FG Begins Screening, Selection Of MSMEs For Grant


The Federal Government says it has begun screening and selection of micro, small and medium enterprises (MSMEs) seeking grant under its World Bank-assisted Growth and Employment (GEM) Project.

The coordinator of the project, Yunusa Labaran, said in Abuja on Wednesday that more than 24,000 MSMEs nationwide had already applied for the grant.

Labaran stated that some of the applicants are already being dropped for falling short of the requirements that will qualify them to receive the grant.

“We have to create a BIG (Business Innovation and Growth) portal.

“This is an electronic platform where everybody who wants to benefit from this grant must first register.

“You must register and you must belong to one of the five sectors I have listed for you to even be pre-qualified for the next stage of the process.

“Many applied but some were dropped because they never belonged to ICT, entertainment, hospitality, light manufacturing and construction.

“But if they belonged to any of these five sectors, then they would now be invited for what is called induction course.

“But before the induction course there is what we call the baseline survey of those invited.

“The essence of the baseline survey is to have baseline information on their business so that we will be able to assess the impact of the intervention we are making.

“Anything that is free needs to go through this rigour. If you don’t do that, people will collect this fund and not make proper use of it.”

GEM aims to enhance job creation and increase growth in the five sectors selected.

It seeks to provide a minimum of 460,000 new jobs, comprising 110,000 direct and 350, 000 indirect jobs, while about 10,000 enterprises are expected to be reached.

The five-year project, which runs from June 2013 to September 2018, is being implemented by the Federal Ministry of Industry, Trade and Investment.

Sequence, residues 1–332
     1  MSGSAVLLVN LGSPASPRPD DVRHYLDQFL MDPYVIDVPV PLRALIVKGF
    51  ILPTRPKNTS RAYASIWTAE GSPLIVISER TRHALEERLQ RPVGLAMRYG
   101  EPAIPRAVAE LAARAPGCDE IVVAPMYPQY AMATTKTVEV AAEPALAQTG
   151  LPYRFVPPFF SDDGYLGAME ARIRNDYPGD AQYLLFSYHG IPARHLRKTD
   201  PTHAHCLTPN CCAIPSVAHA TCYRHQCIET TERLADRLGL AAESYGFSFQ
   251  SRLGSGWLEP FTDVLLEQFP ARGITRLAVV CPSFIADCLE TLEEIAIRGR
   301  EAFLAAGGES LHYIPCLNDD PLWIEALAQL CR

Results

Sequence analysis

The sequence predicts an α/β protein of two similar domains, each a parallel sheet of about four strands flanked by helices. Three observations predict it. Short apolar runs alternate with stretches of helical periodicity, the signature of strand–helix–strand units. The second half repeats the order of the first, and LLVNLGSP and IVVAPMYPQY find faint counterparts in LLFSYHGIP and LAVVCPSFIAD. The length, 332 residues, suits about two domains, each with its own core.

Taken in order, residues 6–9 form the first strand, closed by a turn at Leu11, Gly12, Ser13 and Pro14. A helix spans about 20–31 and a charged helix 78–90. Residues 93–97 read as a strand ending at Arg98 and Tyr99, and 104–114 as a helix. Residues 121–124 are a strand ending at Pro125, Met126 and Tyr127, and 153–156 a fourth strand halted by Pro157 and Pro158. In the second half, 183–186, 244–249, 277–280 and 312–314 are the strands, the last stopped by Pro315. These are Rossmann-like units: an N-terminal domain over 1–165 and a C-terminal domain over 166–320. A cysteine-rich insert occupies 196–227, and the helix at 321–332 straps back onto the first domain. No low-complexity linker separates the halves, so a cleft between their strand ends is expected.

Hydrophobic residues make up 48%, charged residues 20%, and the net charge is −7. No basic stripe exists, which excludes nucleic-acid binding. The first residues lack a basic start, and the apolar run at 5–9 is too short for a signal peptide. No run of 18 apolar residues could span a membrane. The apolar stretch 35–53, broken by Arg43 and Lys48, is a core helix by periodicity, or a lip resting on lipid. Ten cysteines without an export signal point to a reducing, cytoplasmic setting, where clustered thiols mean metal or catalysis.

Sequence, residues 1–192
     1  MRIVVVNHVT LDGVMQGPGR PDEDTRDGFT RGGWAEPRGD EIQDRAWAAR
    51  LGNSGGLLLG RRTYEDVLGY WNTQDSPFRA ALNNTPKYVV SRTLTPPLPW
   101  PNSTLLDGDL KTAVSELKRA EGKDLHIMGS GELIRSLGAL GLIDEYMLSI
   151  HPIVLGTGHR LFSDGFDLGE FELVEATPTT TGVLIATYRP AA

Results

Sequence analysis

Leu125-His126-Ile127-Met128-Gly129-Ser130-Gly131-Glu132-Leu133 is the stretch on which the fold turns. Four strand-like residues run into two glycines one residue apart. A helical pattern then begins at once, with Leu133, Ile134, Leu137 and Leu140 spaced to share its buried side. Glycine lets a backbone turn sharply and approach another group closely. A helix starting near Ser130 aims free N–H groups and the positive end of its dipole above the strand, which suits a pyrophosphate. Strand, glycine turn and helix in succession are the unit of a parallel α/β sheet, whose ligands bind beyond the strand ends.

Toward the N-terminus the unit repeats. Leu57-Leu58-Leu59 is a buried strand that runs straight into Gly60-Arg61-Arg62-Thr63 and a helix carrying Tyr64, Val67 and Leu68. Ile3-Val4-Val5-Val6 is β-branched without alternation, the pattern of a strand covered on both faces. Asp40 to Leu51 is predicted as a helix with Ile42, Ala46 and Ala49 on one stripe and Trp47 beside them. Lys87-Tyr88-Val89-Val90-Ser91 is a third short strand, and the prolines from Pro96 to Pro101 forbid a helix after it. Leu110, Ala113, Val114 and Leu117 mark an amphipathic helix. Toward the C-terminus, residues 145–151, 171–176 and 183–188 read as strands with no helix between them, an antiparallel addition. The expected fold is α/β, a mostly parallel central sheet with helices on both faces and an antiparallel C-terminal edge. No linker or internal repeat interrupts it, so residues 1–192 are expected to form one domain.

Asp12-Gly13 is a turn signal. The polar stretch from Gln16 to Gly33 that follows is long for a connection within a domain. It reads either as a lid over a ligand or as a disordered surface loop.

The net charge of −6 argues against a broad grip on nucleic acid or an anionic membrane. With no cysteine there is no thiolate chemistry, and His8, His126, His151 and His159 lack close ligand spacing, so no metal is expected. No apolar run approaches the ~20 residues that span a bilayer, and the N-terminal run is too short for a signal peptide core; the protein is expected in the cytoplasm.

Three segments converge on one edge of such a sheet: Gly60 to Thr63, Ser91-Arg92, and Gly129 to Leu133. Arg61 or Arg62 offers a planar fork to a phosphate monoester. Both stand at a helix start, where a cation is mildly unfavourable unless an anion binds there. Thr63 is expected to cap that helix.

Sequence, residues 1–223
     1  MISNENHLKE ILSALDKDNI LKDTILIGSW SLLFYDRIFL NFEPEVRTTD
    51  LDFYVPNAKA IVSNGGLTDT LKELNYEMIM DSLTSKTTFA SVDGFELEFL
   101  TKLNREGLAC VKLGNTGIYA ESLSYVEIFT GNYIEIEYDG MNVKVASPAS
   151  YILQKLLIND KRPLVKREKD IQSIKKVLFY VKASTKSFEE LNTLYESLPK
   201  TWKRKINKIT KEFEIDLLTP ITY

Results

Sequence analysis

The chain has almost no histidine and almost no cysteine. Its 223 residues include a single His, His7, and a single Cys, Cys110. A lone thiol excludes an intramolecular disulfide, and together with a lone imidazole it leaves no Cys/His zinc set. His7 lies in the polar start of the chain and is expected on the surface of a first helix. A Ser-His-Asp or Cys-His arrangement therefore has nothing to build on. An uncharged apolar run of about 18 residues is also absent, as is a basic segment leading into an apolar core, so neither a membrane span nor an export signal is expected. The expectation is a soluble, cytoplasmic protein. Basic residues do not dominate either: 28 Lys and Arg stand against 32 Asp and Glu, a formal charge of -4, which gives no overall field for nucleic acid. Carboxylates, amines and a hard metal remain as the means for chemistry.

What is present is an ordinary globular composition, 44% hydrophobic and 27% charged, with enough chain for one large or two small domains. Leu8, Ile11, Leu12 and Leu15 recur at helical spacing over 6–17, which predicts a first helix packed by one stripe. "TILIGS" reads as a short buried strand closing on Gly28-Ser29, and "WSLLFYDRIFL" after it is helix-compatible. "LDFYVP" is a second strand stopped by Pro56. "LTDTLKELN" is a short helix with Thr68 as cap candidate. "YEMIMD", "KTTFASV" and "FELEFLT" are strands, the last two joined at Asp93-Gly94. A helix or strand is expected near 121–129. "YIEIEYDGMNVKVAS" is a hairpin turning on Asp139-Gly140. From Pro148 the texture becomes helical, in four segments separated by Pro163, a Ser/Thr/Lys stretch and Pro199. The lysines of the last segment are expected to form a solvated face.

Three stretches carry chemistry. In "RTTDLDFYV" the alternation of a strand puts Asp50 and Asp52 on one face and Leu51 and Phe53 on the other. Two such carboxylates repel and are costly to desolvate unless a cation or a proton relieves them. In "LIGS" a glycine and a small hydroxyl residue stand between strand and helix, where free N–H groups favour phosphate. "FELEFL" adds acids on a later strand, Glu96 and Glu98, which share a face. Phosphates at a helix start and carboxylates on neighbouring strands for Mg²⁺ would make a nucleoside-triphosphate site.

The World Bank is supporting the project with a loan of $160 million, while the UK Department for International Development (DFID) is providing a grant of $100 million.

Besides administration of grant, the coordinator said that the project also involved the provision of technical assistance to benefitting enterprises.

“There are three things that the individual private sector firms will enjoy from this project.

“They will enjoy training; it could be e-training or face to face training that will be conducted by EDC (Enterprise Development Centre), a reputable training institution in this country based in Lagos.

“Sometimes, finance is not the problem of the business people. The finance may be there but they may lack the wherewithal of how to utilise these funds to make profit.

“We are also giving them business development services by engaging business development service providers (BDSPs).

“The next thing is where we are in terms of grant disbursement because that is where impact will also be made on the growth of these various businesses and the employment generated.

“Anything that is a grant is free; it is not a loan. Therefore, it requires a thorough screening, training and retraining of those who will benefit from this grant so that they will make proper utilisation of the funds that will be made available.”

Responding to complaints among some stakeholders that the project implementation was slow, Labaran said the implementation team had been taking its time to put the necessary structures in place.

“In a project like this, you may not achieve 100 percent implementation, but if you score above 60 or 50 percent, it would be adjudged that you have performed.

“The delay was caused by the various structures that needed to be put in place, and we are happy to say that those structures have now been put in place.

“What now remains is training, administration of BDS (business development services) services.

“In fact, we have already engaged 27 BDS providers; they are waiting to now reach out to these MSMEs.

“Some people, like I told you, don’t need money. The money is there, but they don’t know how to utilise it.

“They lack knowledge of business management, they don’t know how to do normal human resource management, they don’t know how to do financial management and marketing.

“So, these people will be taught and at the end of the day they will get grant. So, what remains to be done in this project is disbursement of funds, providing business development services and providing training.

“That will not take as long as putting structures in place.”


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